THE BLOG

How to Get a Big Bang for Your Charitable Buck

12/23/2014 09:50 EST | Updated 02/22/2015 05:59 EST

I'm all lit up right now, and I just have to share.

No, it's not about Christmas cocktails (I wish), or standing too close to the outlet that houses the electrical cord on my twinkly little Christmas tree. It has absolutely nothing to do with the fact that I played well in a golf match yesterday, or that the stock market recovered nicely at the end of the week, just in time for Christmas.

Nope, I'm all lit up because I engaged in a very inexpensive, but wildly uplifting random act of kindness today, while I was at the grocery store, replenishing my supply of honey crisp apples.

Allow me to set the stage for you: I am a semi-retired writer who spends winters in Palm Springs, playing golf and enjoying the many and wondrous visits I get from my very large, closely knit, mostly golfing family. I am mother to three interesting adult children, and grandmother to one adorable grandson. I have a very patient and affectionate husband, a well behaved black lab (ok, that's a stretch), and both my parents and my maternal grandmother are still alive and well. One of them is 100.

I am also blessed with robust health, good friends, and mostly controllable vices. I am on excellent terms with my first two husbands, and one even manages my investment account. I'm not a rich woman by any stretch of the imagination, but happily I have moderate tastes and I want for very little.

All of which makes the small random act of kindness I performed today really easy.

As I mentioned earlier, I was standing in the Express line at my local grocery store getting ready to pay for my apples. There was an elderly lady in front of me, having difficulty paying for her groceries. She was clearly struggling with whatever card had just been rejected by the electronic payment terminal at the check out, and she was confused and embarrassed. The cashier was trying to be helpful, but they tried several times to get the card to work, without success.

The old doll reminded me of my Granny, a woman I adored. (Well, except for that one time when she reported finding my panties under the living room chesterfield to my parents when they were away in Hawaii and she was holding down the fort. I was 16 at the time, and eventually forgave her.) My Granny died some 30 years ago, and she would have been equally confused by the way we pay for things today, and just as mortified at holding anyone up.

I leaned over the old gal in front of me to see if I could help. The cashier asked her if she would like her to return her groceries to the shelf, and she just looked stunned. I said: "I've got this Ma'am, don't worry."

Both the cashier and the shocked senior looked at me in disbelief as I ran my American Express card through the machine. The amount owing was $43.57; peanuts, really, and it was all done before anyone could stop me.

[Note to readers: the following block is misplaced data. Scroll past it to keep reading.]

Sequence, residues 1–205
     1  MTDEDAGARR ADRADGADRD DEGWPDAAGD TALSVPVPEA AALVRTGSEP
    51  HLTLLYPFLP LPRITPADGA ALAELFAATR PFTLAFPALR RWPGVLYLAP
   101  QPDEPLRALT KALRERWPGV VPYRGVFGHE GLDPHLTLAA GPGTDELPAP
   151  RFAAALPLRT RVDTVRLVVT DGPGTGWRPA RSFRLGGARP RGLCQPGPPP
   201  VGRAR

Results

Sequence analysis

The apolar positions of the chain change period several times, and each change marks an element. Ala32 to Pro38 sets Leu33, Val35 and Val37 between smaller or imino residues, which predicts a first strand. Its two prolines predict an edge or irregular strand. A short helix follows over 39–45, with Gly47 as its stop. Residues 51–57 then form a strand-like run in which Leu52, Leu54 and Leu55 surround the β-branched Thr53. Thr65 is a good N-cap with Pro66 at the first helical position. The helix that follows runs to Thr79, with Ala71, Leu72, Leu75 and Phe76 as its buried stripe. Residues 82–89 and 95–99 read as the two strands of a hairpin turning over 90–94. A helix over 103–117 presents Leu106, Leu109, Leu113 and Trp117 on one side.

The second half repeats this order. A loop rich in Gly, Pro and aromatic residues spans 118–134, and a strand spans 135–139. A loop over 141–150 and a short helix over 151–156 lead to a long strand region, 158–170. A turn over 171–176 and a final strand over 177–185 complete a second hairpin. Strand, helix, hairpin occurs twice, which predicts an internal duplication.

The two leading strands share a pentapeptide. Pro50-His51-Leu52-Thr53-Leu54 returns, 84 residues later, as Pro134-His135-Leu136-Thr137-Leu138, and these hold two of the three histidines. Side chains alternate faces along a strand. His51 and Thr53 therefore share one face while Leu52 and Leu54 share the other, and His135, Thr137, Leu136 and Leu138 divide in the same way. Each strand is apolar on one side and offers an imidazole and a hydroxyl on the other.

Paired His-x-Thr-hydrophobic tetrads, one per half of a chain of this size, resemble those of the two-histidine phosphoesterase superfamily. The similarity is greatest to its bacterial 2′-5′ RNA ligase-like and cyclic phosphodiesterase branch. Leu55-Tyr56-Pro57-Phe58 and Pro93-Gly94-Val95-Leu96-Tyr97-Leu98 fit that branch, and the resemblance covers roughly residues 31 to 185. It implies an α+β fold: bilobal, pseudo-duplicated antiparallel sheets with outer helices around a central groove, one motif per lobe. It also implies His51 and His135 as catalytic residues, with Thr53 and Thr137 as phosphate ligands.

"I need your name so I can pay you back", the old gal stammered, flustered. I refused to give it to her, requesting a hug instead, which she gave me, teary and still stunned. "Merry Christmas", I said, feeling a tremendous rush of gratitude for being able to help. I was almost in tears myself, which I'm relieved I was able to suppress as that would have been embarrassing for everyone.

As the old doll shuffled outside still shaking her head, I paid for my own groceries, feeling absolutely elated. The cashier thanked me, touching me on the arm, and the young guy behind me gave me a nod. For the rest of the afternoon, I smiled and smiled and smiled.

And I do believe that for a short time, anyway, my random act of kindness was repaid me. Get this: at a packed Costco a little later I was tapped on the shoulder by a cashier who was just opening his till, and I floated through the check out process like a sleek schooner on a quiet sea. That never happens to me.

And, when I finally got home, there was a Fedex package waiting for me from my old friend Annie from Saskatoon. As I tore it open, I was thrilled to find two large packages of Maynard's Wine Gums (the originals), which although they were a snick late, were Annie's gift to me for my birthday. The cost of shipping cost twice as much as the wine gums, but that's the kind of friend Annie is.

I still have Christmas cheques to write, as this is the time of year I make my annual charitable donations. But it's highly unlikely that I'll get nearly as much bang for my buck as I did for that $43.57. I should be writing the old gal in the grocery store a thank you letter for giving me the opportunity to help in a hands on way. What a gift!